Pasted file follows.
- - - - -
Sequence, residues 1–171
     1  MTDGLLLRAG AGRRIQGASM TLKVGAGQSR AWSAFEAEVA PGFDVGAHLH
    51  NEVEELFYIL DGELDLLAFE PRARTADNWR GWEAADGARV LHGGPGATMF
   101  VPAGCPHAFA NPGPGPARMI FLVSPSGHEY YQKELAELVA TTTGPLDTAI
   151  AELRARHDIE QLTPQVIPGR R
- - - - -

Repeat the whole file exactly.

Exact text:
Sequence, residues 1–171
     1  MTDGLLLRAG AGRRIQGASM TLKVGAGQSR AWSAFEAEVA PGFDVGAHLH
    51  NEVEELFYIL DGELDLLAFE PRARTADNWR GWEAADGARV LHGGPGATMF
   101  VPAGCPHAFA NPGPGPARMI FLVSPSGHEY YQKELAELVA TTTGPLDTAI
   151  AELRARHDIE QLTPQVIPGR R